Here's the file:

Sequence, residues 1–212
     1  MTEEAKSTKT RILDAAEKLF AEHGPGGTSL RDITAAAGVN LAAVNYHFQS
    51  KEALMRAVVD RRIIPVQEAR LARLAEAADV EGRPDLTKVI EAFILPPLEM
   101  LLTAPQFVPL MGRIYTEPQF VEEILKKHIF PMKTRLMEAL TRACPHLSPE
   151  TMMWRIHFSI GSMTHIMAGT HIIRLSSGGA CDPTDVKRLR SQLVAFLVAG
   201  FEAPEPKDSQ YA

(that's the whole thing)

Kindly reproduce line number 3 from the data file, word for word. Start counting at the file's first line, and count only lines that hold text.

    51  KEALMRAVVD RRIIPVQEAR LARLAEAADV EGRPDLTKVI EAFILPPLEM